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...knowing these things, as being proud wouldn't be Christian. However, a year after Kit's birth, Elizabeth sheltered an escaped prisoner and was sent to a prison on the continent. Amelia took... (full context)
Part One, 27th March, 1946
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...the Germans bombed it. He doesn't remember much of the night that he, Dawsey, and Elizabeth were stopped after the pig roast, as he was drunk. Booker says that Seneca's book... (full context)
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Booker worked his way through the cellar uninterrupted until September, when Elizabeth and Amelia warned him that the Germans wanted to register all Jews on the island.... (full context)
Part One, 2nd April, 1946
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...Christian often helped Dawsey carry water and they'd talk. Dawsey soon discovered that Christian and Elizabeth knew each other. In early 1942, the Germans sent Christian to work in a hospital,... (full context)
Part One, 22nd April, 1946
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...dropped off at the school so that kids wouldn't cry saying goodbye on the pier. Elizabeth and Eben walked Eli to the school and Elizabeth helped get the children ready. On... (full context)
Part One, 24th April, 1946
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Isola is happy to tell Juliet about Elizabeth slapping Adelaide. The U.S. wanted to minimize the stress and tears, so they had volunteers... (full context)
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The shock of seeing Elizabeth slap Adelaide seemed to snap the kids out of their fear and sadness. Isola says... (full context)
Part One, 26th April, 1946
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...She's currently whispering to herself under the table. Dawsey explains that Kit doesn't look like Elizabeth, but she's just as strong-willed as Elizabeth. Elizabeth insisted that Dawsey learn about babies and... (full context)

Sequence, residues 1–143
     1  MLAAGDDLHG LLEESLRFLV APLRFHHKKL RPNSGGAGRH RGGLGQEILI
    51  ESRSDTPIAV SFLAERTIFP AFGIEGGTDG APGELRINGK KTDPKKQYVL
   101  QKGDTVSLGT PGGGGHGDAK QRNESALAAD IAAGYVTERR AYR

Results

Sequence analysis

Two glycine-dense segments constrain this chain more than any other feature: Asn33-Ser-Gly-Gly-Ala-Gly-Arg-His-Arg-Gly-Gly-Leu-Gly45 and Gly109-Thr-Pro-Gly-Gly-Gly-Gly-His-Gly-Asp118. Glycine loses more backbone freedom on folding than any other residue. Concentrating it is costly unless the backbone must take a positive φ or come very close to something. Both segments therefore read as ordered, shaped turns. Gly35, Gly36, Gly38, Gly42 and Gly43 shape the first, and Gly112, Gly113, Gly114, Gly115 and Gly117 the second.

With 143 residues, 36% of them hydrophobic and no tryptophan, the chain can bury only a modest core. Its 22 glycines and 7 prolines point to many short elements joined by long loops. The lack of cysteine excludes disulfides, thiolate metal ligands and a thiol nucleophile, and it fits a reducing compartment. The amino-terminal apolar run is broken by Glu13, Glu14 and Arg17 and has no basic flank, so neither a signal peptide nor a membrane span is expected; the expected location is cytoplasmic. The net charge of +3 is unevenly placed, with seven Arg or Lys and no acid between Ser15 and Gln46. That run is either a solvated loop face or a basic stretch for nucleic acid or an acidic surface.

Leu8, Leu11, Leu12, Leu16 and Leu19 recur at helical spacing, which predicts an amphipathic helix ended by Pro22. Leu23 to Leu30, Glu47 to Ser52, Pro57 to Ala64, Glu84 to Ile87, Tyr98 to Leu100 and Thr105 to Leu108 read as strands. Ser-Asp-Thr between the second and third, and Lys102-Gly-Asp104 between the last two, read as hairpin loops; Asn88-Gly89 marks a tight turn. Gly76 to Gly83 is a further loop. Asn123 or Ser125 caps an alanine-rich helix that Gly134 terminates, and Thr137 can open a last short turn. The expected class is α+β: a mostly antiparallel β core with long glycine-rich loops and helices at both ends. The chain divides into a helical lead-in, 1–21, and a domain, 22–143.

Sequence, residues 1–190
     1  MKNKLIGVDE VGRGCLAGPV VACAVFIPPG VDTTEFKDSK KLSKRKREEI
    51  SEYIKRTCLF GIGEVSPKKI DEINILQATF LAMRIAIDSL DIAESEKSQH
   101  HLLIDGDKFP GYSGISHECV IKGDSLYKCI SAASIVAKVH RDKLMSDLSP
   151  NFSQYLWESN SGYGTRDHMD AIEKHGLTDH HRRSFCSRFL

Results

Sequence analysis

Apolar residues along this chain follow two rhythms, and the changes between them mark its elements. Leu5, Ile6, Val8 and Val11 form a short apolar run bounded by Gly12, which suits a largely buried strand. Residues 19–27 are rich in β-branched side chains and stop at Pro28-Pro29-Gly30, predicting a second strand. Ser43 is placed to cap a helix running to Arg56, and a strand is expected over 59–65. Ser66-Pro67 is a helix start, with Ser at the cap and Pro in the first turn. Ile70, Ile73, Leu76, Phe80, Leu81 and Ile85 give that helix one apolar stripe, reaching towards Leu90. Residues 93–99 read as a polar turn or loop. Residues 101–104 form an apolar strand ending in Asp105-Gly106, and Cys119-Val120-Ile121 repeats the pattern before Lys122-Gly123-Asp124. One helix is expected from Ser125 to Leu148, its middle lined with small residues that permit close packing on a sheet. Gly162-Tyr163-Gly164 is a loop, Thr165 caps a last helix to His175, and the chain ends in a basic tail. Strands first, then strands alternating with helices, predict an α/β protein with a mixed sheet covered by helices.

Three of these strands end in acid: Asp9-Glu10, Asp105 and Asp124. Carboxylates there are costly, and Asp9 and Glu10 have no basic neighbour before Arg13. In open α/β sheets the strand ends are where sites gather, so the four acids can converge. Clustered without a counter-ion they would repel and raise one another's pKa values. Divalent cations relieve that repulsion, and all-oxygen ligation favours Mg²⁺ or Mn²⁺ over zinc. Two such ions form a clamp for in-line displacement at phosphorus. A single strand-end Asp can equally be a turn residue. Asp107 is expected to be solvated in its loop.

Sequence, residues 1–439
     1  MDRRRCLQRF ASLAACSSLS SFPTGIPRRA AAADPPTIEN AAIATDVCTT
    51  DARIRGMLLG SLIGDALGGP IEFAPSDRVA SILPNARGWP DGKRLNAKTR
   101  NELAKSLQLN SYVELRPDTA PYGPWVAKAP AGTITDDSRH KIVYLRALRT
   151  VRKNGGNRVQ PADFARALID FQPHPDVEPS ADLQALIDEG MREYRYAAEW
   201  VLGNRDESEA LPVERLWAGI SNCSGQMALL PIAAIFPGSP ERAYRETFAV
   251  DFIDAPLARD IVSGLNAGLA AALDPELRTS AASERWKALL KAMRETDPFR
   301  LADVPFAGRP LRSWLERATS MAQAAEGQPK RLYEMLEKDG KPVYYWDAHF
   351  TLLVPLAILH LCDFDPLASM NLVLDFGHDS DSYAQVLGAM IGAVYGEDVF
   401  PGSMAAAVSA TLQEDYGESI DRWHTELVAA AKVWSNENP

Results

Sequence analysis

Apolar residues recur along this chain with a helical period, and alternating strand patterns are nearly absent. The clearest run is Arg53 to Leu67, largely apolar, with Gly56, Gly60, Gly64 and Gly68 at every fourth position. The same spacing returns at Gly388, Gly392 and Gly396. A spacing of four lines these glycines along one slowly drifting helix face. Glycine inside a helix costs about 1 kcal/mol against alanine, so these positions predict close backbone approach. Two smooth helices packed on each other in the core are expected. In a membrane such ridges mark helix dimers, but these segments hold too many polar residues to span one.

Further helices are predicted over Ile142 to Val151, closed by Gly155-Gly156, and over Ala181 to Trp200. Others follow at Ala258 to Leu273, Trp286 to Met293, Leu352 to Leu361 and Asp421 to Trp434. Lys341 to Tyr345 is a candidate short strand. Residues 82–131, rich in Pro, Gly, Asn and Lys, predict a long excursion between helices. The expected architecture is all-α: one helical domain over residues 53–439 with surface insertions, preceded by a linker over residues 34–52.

Part One, 13th May, 1946
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...she knows to send Juliet letters about the occupation. They've decided to let Juliet rent Elizabeth's cottage. Mr. Dilwyn had already planned to rent the property to provide income for Kit.... (full context)
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...a foreign land, as the Society is the only family Kit knows. Amelia explains that Elizabeth kept Kit's paternity a secret from the authorities because she feared they'd take Kit, though... (full context)
Part One, 14th May, 1946
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...write about their experiences. Then, Isola recounts seeing the invading Germans for the first time. Elizabeth was with Isola and she suggested they go stare at the Germans. When they got... (full context)
Part One, 15th May, 1946
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...shaved and the tops of the scabs cut off. Fortunately for Sally, her nurse was Elizabeth, who was kind and funny. Elizabeth told Sally the truth that the treatment was going... (full context)
Part One, 16th May, 1946
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...been trying to keep Isola alive, as Isola has been up on the roof of Elizabeth's cottage looking for loose tiles. (full context)
Part Two, 27th May, 1946
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Juliet tells Sidney about Elizabeth's cottage. It's large with lots of windows, which means that Juliet is often distracted watching... (full context)
Part Two, 6th June, 1946
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Juliet says that Amelia recently told her a story about Elizabeth and her son, Ian. When Ian was about to go to school in England, he... (full context)
Part Two, 12th June, 1946
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...receives a letter. The writer is Remy, a Frenchwoman, and she writes to say that Elizabeth was executed at the Ravensbrück Concentration Camp in March of 1945. Remy says that Elizabeth... (full context)
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Remy says that they lived in a block with almost 400 women. Elizabeth would talk about the Society and Guernsey, and her stories made the filthy bunks almost... (full context)